Abstract: Community banks have long played an important role in the U.S. economy, providing loans and other financial services to households and small businesses within their local markets. In recent years, technological and legal developments, as well as changes in the business strategies of larger banks and non-bank financial service providers, have purportedly made it more difficult for community banks to attract and retain customers, and hence to survive. Indeed, the number of community banks and the shares of bank branches, deposits, banking assets, and small business loans held by community banks in the U.S. have all declined substantially over the past two decades. Nonetheless, many community banks have successfully adapted to their changing environment and have continued to thrive. This paper uses data from 1992 through 2011 to examine the relationships between community bank profitability and various characteristics of the banks and the local markets in which they operate. Bank characteristics examined include size, age, ownership structure, management quality, and portfolio composition; market characteristics include population, per capita income, unemployment rate, and banking market structure. We find that community bank profitability is strongly positively related to bank size; that local economic conditions have significant effects on bank profitability; that the quality of bank management matters a great deal to profitability, especially during times of economic stress; and that small banks that make major shifts to their lending portfolios tend to be less profitable than other small banks. Variables within managers' control account for between 70 percent and 96 percent of the total explanatory power of equations explaining variations in performance across community banks.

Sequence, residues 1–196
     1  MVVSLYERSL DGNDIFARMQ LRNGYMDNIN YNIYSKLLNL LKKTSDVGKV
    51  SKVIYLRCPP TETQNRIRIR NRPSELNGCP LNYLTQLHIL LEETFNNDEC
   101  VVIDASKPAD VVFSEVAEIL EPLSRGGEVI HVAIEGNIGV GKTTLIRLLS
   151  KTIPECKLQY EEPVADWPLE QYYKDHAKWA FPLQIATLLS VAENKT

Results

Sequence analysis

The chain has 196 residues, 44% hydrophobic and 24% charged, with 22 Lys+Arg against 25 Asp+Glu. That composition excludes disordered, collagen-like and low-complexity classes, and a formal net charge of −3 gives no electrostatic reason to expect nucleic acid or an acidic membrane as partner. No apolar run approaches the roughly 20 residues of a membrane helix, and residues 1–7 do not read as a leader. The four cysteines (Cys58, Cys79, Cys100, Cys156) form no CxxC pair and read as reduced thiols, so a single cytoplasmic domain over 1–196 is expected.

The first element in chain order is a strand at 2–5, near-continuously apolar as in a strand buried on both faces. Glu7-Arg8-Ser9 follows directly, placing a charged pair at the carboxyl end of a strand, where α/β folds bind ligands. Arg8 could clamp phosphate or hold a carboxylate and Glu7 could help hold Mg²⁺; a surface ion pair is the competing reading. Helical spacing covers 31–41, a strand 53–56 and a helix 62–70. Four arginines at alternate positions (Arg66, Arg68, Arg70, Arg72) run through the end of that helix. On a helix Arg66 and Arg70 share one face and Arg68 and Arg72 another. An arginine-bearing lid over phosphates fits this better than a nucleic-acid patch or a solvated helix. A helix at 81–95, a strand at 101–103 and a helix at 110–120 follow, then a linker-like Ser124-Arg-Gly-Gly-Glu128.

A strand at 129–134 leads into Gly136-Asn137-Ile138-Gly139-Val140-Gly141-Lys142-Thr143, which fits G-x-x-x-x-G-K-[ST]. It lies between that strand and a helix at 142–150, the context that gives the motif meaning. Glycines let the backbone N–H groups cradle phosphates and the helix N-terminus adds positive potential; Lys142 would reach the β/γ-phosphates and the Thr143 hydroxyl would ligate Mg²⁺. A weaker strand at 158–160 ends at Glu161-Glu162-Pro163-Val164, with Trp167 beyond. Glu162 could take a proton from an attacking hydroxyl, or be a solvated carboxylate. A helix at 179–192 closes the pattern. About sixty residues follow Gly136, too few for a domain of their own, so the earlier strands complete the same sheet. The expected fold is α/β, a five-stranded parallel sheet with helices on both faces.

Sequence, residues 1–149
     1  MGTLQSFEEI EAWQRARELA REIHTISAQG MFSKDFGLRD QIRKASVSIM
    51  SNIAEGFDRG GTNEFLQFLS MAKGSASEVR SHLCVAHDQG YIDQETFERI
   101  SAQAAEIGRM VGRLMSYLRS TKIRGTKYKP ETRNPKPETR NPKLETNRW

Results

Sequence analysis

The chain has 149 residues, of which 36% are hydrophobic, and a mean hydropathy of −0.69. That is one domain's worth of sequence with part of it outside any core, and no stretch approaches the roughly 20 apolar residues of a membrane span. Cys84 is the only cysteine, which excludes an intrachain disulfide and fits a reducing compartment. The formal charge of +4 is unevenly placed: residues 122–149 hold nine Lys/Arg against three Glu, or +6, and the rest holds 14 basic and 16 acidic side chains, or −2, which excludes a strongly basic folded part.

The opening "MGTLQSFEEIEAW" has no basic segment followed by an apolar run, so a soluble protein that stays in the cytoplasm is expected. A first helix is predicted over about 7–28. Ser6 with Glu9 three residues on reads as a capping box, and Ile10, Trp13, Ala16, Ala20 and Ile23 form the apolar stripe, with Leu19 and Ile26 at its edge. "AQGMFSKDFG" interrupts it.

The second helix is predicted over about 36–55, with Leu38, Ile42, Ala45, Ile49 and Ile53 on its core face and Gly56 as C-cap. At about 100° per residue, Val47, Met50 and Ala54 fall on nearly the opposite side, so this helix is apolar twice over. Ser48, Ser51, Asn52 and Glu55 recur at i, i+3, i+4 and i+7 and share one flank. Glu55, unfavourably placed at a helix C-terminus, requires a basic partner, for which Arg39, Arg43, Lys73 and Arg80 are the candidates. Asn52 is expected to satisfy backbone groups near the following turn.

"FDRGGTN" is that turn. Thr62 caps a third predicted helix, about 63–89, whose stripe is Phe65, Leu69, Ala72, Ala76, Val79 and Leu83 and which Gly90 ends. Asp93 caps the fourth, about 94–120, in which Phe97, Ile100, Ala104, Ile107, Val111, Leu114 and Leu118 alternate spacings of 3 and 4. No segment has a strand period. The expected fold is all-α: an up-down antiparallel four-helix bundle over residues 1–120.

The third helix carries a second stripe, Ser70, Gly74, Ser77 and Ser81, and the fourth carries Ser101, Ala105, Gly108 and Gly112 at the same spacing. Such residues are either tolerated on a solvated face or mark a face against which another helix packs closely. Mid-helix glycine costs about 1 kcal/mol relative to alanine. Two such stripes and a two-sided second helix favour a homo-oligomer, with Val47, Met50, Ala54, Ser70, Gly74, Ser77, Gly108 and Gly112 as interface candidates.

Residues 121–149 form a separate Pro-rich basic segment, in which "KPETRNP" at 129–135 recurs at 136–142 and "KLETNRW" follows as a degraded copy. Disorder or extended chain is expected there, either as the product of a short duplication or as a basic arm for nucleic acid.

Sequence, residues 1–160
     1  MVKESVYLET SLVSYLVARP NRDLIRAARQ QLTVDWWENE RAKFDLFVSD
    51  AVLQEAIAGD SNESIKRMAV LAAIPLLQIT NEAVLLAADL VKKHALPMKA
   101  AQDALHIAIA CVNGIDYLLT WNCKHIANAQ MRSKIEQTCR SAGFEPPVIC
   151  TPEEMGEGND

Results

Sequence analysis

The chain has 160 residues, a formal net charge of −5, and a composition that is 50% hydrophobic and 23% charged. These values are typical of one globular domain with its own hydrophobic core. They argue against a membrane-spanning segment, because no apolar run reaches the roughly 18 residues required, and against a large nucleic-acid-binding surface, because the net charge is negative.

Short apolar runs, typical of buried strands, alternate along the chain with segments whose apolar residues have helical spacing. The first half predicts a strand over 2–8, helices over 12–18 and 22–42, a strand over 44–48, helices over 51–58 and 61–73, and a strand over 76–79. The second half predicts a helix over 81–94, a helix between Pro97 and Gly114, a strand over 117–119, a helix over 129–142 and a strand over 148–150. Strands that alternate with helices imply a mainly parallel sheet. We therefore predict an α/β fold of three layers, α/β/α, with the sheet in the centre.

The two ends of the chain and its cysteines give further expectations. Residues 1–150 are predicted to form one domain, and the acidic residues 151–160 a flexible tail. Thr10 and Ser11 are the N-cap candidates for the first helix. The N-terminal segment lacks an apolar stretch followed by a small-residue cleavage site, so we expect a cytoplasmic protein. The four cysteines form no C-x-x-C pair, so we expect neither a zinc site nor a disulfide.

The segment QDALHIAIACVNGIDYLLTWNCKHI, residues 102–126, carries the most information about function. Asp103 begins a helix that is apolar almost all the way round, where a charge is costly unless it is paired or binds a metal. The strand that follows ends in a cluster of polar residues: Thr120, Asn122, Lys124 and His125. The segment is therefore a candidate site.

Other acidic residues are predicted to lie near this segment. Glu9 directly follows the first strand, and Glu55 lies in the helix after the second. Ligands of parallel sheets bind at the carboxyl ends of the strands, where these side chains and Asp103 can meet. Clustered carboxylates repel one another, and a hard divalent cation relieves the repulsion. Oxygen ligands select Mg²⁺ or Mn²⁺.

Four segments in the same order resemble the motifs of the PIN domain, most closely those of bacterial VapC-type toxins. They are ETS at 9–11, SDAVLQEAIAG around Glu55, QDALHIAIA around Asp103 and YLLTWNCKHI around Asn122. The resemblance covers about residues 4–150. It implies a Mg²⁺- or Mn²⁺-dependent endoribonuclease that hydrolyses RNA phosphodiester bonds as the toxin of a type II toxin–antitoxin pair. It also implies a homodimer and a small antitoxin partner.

Keywords: Banking, community banks, bank profitability, management quality
Taisuke Nakata and Christopher Tonetti